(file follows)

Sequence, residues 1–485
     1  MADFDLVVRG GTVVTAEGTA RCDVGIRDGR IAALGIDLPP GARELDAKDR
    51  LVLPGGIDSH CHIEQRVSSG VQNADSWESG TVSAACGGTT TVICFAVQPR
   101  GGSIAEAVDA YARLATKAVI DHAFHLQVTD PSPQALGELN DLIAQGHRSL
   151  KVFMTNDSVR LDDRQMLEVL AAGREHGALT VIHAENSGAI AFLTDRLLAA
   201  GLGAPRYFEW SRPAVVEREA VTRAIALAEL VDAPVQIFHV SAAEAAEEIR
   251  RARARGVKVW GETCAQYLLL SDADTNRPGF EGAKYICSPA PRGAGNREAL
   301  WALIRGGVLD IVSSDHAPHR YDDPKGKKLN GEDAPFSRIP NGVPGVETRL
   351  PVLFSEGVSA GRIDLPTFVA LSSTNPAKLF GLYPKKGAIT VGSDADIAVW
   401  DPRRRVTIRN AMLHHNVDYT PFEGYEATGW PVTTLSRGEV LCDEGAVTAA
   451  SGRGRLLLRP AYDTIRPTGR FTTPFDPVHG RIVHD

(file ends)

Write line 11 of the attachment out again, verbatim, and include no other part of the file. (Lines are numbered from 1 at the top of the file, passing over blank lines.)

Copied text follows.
   451  SGRGRLLLRP AYDTIRPTGR FTTPFDPVHG RIVHD